This opinion arose on a motion by stockholders of Lear Corporation to enjoin the scheduled vote on a proposed going private merger proposed by Carl Icahn, a 24% stockholder of Lear. The application for interim injunctive relief was based on the alleged violation by directors of Lear of their Revlon duties and the failure to disclose material facts to the stockholders in connection with that vote.

Lear, a large, publicly traded supplier of automotive interior systems, was a prominent player in a perennially depressed industry, its business severely hobbled by the daunting and persistent financial challenges afflicting its primary customers, the Big Three North American automotive manufacturers. These market challenges prompted rumors of a bankruptcy for Lear that in turn caused its board, populated by a majority of independent directors, to initiate a search for strategic alternatives. It was during this process that Icahn made his initial investment in the company, purchasing just short of 5% of Lear’s outstanding stock. He doubled his investment position shortly thereafter and, believing the stock to be undervalued, again increased his position to 24% by way of a secondary offering of Lear common stock at $23 per share, an equity position capped in exchange for a waiver by the Lear board of the restrictions imposed by the provisions of Section 203 with respect to investments exceeding 15%. When other large Lear investors declined to participate in the offering, believing the $24 price to be too high, Icahn became Lear’s largest investor.

A few months later, following a spike in the price of Lear stock to in excess of $30 a share, viewed by many as a reaction to Icahn’s significant investment, Icahn met with Rossiter, Lear’s CEO, and broached the subject of a going private acquisition. Rossiter had much of his personal wealth tied up in Lear stock and was approaching retirement age. He had previously expressed to the Lear board his deep concern and his personal deliberations about continuing as CEO given the financial instability of the company and the concomitant threat to his substantial but unsecured retirement benefits. He had expressed his interest in finding a way to accelerate his access to those retirement benefits without giving up his position or suffering the discount that would result from early retirement. Responsive to his apprehension, the board had hired an expert to explore compensation options that might permit him to maximize his retirement assets while retaining his job. Rossiter was in the process of considering whether he was willing to confront the inevitable adverse publicity that likely would result from such a course of action when Icahn expressed an interest in pursuing a going private transaction and changed the subject.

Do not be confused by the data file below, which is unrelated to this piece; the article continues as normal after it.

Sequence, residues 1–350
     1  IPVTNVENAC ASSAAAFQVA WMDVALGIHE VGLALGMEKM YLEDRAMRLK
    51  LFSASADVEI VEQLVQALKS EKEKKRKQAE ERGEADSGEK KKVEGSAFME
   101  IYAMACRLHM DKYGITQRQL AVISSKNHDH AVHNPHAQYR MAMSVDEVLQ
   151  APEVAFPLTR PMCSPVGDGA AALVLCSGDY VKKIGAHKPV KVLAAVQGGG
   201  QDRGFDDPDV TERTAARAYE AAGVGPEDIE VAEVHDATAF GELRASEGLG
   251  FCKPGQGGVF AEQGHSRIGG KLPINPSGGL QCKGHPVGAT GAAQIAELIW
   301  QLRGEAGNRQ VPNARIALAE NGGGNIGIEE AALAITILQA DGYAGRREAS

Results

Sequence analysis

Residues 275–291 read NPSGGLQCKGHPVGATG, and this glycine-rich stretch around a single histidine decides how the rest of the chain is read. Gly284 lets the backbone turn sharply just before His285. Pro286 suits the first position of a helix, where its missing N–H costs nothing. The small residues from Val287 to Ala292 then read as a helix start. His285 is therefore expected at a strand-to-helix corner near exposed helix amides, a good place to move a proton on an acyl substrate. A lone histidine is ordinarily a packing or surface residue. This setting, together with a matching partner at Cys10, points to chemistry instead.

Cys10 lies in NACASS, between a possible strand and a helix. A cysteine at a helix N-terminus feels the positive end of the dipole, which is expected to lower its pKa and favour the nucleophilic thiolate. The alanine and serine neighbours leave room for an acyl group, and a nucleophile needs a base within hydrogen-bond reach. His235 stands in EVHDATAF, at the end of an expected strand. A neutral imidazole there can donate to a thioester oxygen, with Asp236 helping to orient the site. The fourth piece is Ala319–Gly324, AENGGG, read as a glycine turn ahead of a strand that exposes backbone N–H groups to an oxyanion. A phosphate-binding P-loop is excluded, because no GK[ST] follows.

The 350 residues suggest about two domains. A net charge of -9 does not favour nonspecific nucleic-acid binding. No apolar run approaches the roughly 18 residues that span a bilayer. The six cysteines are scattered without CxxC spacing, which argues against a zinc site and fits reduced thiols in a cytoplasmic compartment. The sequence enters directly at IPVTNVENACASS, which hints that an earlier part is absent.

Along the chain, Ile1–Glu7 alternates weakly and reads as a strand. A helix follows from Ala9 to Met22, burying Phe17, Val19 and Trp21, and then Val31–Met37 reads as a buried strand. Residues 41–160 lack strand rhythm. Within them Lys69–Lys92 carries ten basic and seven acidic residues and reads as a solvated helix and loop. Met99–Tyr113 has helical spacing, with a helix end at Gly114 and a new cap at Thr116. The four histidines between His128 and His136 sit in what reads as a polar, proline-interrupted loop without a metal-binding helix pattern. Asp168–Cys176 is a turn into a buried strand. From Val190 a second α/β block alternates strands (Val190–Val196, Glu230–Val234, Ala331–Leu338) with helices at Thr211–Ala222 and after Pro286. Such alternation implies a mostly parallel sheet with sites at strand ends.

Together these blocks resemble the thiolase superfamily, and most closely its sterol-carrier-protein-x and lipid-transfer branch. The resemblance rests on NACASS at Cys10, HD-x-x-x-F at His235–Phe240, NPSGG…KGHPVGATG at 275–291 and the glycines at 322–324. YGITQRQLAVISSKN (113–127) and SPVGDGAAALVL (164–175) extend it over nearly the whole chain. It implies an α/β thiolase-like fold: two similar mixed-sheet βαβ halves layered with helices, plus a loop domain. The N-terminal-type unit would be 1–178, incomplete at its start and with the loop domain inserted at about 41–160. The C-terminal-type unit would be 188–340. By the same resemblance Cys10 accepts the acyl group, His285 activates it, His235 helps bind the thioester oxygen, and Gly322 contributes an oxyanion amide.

After conducting follow-up discussions with Icahn for the better part of a week, Rossiter contacted several members of the board to bring them into the loop and advised the company’s outside counsel of the overture. A board meeting was convened a few days later at which it determined to form a Special Committee to evaluate and negotiate proposals from Icahn, to consider alternatives and generally to oversee the process. Because the committee perceived no reason to regard the Icahn expression of interest as a source for conflict of interest on the part of senior management, the committee was content to allow Rossiter, the Company’s most knowledgeable person and an effective negotiator, to take the lead in running the due diligence process and conducting the negotiations. Thus, the Committee did not participate directly in this aspect of the process, nor did it direct its advisors to do so.

Icahn conveyed to Rossiter his opening offer of $35 per share, which Rossiter promptly reported to the Special Committee. The Committee rejected it as too low. Icahn then raised his offer to $35.25, which Rossiter rejected on his own, prompting Icahn to raise his price again, this time to $36. Vowing with enthusiasm apparently quite sincere to pay no more, he nevertheless indicated a willingness to be flexible in negotiating deal protection provisions, suggesting that he was open to the idea of a go-shop period, a reasonable termination fee and a reverse break-up fee triggered in the event that he should fail to close. Upon receiving this offer, the Special Committee considered pursuing a formal auction process rather than pursuing negotiations with Icahn, but ultimately rejected such a course of action as potentially harmful to its business and as inviting Icahn’s threatened withdrawal of the pending proposal, and with it the considerable enhancement to Lear’s stock price that had resulted directly from Icahn’s expressions of interest in the company. The committee thus determined to deal in the first instance exclusively with Icahn and, lacking any basis to believe that the price would improve, to concentrate on securing favorable merger terms.

The ensuing discussions resulted in Icahn’s agreement to a 45-day go-shop period, a fiduciary out that permitted the board to accept an unsolicited superior bid even after expiration of the go-shop period, and a voting agreement that would commit Icahn to vote in favor of a superior proposal that he did not match. In exchange, Icahn was accorded a ten-day match right with respect to any higher bid that might materialize and a termination fee if Lear accepted a higher bid. The size of the fee depended on whether the merger agreement was terminated during the go-shop period (2.79% of the equity value or 1.9% of the enterprise value of the deal) or after its expiration (3.52% of equity and 2.4% of enterprise value). In the meantime, the committee commissioned its financial advisors to conduct a limited assessment of interest among financial buyers, which failed to prompt any serious expressions of interest at or above the Icahn price.